“Are you that young bear’s … erm, next of kin?” he asked.
“Well, he lives with us,” said Mrs Brown.
“He is going to be all right?” exclaimed Judy, looking anxiously at the piece of fur.
“I should think,” said Sir Mortimer in a grave voice, but with the suspicion of a twinkle in his eyes, “there’s every chance he’ll pull through.”
“Gracious me!” exclaimed Mrs Bird as there was a sudden commotion at the end of the corridor. “There is Paddington, Don’t tell me he’s up already.”
“A bad case of galloping toffee drips,” said Sir Mortimer. “Most unusual. On the stomach too. Worst possible place.”
“Galloping toffee drips?” repeated Mr Brown.
“I think I must have spilt some on my fur when I was testing it, Mr Brown,” explained Paddington as he joined them.
“They probably set when he was sitting down,” said Sir Mortimer. “No wonder he couldn’t get up again.”
Sir Mortimer chuckled at the look on everyone’s face. “I’m afraid he’ll have a bare patch for a week or so but I don’t doubt if you keep him on a diet of marmalade for a while it’ll start to grow again. It should be all right by Christmas.”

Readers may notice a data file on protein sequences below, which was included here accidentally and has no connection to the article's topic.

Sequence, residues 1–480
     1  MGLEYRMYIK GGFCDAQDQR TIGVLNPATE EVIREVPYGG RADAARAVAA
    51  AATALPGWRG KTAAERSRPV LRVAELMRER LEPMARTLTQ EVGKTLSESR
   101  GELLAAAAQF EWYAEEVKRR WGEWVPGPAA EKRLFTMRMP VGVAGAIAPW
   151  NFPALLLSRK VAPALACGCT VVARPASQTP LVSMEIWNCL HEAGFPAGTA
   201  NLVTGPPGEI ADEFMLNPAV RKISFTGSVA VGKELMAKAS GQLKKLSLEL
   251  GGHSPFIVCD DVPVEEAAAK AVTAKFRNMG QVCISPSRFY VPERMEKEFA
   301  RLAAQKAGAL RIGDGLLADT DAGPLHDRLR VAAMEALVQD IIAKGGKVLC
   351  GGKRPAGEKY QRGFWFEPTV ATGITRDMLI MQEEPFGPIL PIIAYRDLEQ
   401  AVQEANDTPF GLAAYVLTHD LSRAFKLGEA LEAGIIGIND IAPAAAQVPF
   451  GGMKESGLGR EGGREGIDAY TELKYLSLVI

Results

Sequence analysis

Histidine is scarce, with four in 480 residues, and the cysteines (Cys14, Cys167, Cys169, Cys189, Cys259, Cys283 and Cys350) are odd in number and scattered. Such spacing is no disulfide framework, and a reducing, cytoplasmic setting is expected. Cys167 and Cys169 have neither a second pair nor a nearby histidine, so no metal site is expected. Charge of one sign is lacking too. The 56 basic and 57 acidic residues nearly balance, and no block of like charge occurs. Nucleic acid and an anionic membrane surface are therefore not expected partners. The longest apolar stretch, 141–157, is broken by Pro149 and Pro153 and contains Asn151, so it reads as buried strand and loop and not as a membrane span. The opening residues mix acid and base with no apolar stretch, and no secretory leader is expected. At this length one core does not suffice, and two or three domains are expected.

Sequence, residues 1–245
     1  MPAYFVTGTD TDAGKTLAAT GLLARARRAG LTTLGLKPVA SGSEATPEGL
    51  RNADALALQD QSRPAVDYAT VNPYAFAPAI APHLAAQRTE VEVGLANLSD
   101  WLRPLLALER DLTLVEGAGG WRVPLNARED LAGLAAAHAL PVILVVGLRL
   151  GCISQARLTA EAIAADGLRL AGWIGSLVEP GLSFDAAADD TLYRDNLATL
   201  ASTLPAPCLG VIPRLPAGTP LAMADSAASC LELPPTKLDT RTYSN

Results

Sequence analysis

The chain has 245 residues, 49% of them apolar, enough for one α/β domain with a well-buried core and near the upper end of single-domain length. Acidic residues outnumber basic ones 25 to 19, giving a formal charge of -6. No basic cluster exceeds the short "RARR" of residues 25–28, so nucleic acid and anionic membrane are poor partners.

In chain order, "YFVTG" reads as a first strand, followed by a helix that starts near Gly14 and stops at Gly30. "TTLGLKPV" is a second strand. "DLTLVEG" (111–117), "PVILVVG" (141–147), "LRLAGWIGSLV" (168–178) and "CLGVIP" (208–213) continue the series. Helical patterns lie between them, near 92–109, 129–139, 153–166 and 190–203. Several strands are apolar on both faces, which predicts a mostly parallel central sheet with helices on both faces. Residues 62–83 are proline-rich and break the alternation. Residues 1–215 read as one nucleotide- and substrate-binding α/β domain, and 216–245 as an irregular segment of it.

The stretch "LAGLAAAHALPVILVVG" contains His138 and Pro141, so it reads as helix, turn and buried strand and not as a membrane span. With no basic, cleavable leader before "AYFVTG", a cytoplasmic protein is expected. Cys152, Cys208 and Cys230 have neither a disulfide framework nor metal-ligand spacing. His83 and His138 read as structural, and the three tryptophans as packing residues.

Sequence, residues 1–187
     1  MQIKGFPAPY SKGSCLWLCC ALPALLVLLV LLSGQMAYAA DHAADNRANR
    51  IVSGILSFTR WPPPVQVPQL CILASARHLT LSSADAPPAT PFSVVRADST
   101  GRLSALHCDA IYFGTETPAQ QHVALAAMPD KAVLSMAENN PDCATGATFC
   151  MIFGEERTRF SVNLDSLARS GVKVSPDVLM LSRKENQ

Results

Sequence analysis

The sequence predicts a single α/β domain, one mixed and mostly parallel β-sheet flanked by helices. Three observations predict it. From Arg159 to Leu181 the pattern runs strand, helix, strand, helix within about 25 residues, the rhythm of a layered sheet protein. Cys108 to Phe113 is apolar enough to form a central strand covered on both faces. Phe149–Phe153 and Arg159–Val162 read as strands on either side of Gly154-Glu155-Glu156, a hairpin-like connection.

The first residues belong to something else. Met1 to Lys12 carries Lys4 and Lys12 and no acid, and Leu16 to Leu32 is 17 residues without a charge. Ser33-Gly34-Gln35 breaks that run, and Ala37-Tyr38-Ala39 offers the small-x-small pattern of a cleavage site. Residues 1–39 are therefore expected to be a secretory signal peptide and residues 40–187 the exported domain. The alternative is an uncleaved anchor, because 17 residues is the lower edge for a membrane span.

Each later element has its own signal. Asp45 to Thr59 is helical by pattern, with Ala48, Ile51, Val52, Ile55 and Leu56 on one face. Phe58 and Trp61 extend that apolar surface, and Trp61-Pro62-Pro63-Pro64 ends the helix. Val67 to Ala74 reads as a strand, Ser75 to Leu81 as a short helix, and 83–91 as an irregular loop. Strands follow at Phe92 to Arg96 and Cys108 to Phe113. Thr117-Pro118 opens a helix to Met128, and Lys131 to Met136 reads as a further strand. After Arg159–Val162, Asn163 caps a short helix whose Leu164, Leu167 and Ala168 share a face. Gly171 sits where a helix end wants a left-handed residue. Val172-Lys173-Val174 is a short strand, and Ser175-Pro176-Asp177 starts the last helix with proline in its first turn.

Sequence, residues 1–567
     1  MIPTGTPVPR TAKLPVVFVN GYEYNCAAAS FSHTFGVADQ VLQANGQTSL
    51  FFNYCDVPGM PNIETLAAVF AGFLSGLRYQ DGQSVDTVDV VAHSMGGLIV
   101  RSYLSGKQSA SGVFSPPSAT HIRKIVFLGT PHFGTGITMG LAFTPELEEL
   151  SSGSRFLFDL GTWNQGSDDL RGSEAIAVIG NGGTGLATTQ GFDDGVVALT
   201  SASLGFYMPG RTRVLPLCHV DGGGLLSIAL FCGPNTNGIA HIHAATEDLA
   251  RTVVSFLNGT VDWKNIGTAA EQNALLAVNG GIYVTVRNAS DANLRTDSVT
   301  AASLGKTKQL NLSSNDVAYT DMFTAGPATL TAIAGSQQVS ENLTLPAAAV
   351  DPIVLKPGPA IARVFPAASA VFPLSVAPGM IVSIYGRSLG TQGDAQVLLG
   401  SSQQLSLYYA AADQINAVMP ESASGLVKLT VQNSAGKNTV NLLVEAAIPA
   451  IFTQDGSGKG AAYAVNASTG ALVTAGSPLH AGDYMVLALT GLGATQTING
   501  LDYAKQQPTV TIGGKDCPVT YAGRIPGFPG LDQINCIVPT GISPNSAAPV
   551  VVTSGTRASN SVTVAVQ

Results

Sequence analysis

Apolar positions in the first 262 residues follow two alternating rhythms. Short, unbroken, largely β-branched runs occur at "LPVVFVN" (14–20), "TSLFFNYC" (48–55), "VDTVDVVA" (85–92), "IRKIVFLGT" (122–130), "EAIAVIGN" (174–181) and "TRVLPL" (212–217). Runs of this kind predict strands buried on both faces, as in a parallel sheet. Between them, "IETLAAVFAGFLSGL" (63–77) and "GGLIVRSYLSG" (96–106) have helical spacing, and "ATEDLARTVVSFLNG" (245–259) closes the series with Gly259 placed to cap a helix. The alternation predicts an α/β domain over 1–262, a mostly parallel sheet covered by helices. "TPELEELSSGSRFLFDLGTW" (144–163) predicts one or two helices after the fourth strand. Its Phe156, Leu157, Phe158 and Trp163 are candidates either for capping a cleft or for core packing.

“If you don’t mind, bear,” he said as he made to leave, “I’d like to keep this piece of fur as a souvenir. I’ve done a good few operations in my time but I’ve never had a bear’s emergency before.”
“What a good job Sir Mortimer had a sense of humour,” said Mrs Brown as they all drove home in Mr Brown’s car.
“I can’t imagine what some surgeons would have said.”
“Fancy keeping Paddington’s fur as a souvenir,” said Judy. “I wonder if he’ll have it framed.”
Looking out from behind Mr Gruber’s bunch of grapes Paddington gave the rest of the carload one of his injured expressions. He felt very upset that everyone was taking his operation so lightly now that it had turned out all right, especially as he had a cold spot in the middle of his stomach where Sir Mortimer had removed the fur.
“Perhaps,” said Mr Gruber, as they turned into Windsor Gardens, “he just likes bears.”
“After all, Mr Brown,” he added, turning to Paddington, “joking aside, it might have been serious and it’s nice to know there are people like that in the world you can turn to in times of trouble.”
And to that remark even Paddington had to nod his wholehearted agreement.